Diary of a mad homeowner

The trials and tribulations of fixing up a house filled with character but not much else

House HistoryMitigationPhotosTrees

Tree killer

That’s right, I’m at it again. I’m a tree killer.

Chris and I have been talking about taking down the trees in the “back yard” and though he was against it at first, he now sees the inherent danger in having 11 such large trees right up against the deck and house. This year has been dangerously dry and once again, fire danger is on everyone’s mind. Granted, I know it’s the whim of the wind and errant embers that decide whose house stays and whose is reduced to rubble but as a good friend of mine frequently says, “Always tie up your camel.”

Now, these aren’t little stick trees like down in the Slightly Unenchanted Forest. They were big trees complete with lots of slash and the potential to damage the hell out of the fence and house. The logistics of a job like this was a real problem. The trees have to be dropped in a safe manner, the wood has to be stacked and accessible while it dries out and the slash has be gotten rid of. Chris and I both agreed … no more chipping of slash. I still have big piles from the SUF mitigation and lucky for me I have a regular guy who comes by and loads up on chips for his dog runs. With the logistics set and since Chris needed some extra change for Christmas and I needed to finally reduce my worry load, it was time to cut down the trees.

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Now I’ve been sick about cutting down these trees. I felt really bad. They’ve been there for more than 40 years and have weathered everything Mother Nature threw at them. Squirrels used them for jungle gyms and birds used them to keep an eye out for single-minded cats under the bird feeders.

As the first tree was about to come down, I had to leave. I headed down to Conifer to pick up new outdoor light fixtures and get away from the sound that 40-foot trees make when their bark splits and they crash to the ground.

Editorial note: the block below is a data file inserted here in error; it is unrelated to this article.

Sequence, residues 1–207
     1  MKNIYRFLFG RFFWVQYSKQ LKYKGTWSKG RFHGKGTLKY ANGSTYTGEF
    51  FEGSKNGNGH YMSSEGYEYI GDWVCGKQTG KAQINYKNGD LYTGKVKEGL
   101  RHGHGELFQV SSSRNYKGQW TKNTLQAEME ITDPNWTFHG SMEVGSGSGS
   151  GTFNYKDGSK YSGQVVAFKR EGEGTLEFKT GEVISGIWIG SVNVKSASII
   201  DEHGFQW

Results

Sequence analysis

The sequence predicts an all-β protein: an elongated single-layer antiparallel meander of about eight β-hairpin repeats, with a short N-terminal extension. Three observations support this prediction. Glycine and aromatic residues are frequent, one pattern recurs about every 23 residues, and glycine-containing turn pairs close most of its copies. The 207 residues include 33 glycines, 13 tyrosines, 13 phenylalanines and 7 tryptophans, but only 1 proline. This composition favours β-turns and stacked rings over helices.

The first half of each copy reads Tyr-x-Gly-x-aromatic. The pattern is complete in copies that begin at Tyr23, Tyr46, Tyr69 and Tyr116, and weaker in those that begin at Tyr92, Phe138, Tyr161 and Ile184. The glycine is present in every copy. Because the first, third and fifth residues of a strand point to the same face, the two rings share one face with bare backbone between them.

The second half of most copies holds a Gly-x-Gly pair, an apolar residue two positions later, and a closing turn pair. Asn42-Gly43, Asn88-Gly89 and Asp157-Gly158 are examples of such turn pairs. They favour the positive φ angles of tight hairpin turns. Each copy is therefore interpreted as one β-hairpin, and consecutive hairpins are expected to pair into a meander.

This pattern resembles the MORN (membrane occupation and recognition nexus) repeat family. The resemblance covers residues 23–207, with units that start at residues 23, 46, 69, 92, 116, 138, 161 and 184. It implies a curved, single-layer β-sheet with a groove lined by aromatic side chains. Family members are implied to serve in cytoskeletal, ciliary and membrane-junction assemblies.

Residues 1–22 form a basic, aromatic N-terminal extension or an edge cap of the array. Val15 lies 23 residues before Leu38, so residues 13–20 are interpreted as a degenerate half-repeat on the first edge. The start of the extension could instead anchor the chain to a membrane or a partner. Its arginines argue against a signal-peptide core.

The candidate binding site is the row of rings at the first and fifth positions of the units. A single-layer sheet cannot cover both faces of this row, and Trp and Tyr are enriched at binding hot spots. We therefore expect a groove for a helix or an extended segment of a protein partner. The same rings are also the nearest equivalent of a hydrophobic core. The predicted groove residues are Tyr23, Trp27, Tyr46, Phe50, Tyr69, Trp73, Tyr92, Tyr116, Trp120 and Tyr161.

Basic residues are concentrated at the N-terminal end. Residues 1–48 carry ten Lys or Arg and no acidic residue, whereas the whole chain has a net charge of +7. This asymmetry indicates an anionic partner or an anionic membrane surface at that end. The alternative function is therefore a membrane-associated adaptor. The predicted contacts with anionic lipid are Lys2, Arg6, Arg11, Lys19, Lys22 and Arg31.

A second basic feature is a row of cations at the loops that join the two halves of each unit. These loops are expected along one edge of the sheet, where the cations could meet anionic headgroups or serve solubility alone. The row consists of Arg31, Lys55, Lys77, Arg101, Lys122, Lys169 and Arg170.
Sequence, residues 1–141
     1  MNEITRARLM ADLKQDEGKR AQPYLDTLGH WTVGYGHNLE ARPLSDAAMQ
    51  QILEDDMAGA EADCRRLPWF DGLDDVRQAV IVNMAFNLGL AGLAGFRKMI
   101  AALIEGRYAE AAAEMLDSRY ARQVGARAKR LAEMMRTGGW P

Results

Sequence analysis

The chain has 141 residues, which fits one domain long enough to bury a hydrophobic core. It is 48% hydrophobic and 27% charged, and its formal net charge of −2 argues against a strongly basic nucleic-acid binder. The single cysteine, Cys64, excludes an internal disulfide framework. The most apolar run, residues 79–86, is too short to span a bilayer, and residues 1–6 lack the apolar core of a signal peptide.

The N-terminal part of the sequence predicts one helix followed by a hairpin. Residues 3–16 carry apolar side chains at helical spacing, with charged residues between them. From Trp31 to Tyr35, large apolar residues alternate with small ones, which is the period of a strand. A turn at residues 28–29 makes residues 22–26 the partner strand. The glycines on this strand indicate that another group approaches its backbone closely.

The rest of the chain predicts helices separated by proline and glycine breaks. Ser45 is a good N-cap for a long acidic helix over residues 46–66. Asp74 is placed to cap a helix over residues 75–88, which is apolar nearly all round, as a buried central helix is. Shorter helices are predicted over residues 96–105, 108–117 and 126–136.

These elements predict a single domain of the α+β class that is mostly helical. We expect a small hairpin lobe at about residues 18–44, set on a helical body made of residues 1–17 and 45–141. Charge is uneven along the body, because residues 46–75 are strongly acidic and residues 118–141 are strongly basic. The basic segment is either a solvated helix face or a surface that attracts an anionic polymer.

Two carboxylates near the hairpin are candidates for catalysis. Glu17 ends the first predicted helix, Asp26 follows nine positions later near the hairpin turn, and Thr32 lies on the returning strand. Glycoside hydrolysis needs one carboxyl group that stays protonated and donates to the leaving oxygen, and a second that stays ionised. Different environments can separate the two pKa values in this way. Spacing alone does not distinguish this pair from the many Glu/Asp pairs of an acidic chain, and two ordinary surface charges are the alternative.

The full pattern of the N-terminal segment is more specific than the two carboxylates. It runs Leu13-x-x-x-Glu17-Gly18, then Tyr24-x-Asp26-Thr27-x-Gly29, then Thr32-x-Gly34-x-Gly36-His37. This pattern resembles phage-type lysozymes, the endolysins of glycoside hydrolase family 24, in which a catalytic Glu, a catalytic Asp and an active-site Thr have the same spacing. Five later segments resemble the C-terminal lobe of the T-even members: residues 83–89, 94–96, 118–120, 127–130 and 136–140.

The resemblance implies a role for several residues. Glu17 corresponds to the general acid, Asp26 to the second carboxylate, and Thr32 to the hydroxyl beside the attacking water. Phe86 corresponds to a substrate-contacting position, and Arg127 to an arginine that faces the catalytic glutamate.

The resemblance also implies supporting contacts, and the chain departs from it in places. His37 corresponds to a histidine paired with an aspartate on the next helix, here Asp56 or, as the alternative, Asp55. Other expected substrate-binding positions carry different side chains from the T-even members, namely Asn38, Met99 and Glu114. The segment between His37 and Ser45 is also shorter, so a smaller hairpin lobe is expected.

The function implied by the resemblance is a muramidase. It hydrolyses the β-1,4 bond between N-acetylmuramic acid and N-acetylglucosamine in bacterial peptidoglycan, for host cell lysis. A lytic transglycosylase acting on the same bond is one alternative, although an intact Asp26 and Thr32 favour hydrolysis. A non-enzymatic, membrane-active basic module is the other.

The backyard isn’t very big although the entire property is just under two acres. One of the best things about this house is that the fence comes apart just by removing a few bolts. Removing the fence made it so much easier to drop the trees without any damage. No kidding, I could do away with a fence in about a hour but I like to make it difficult for hooved creatures to walk around on my deck in the middle of the night like they did in Pine Junction. It’s a serenity thing.

In no time Chris had taken down half the trees and a funny thing began to happen. Not only could I see farther but now the back of the house can be seen.

Chris is a tree wrangler and prefers to do the work himself but this job required an extra person. Now he had asked The Hillbilly to come up and help but he would have been in danger from the both of us since I want to hit him with a shovel when he opens his mouth. I have no faith in a man who can’t remember how to get to an address or can’t find it on a map or doesn’t know how to use MapQuest.

Good thing my son Paul stepped in and handled all the slash and ended up with some possible side jobs with Chris.

Some trees ended up staying and others that we hadn’t paid any attention to were taken down. What I lost in trees I gained in view. Turns out there are still A LOT of trees on this property and by taking down the dangerous giants, you can now see other better looking trees on the edge of the property. Now the windows showcase my huge and beautiful aspen tree down by the property line. Brilliant sunrises and reflections of orange and red sunsets can now be see whereas before they were just a backdrop for the trees that blocked the sun and keep the morning light off the back of the house.

Now, I have no complaints of the amount of money this mitigation has cost me but I would be living in a palace if I had spent the money indoors that I’ve spent outdoors!

I have to say I’m glad we finally did this. The only down side is we discovered trees behind the fence and next to the SUF that need thinned out. I was glad when the fence went back up. I couldn’t see the work that waits for spring to come around.

It’s never ending … mitigation … or in my case being a tree killer.

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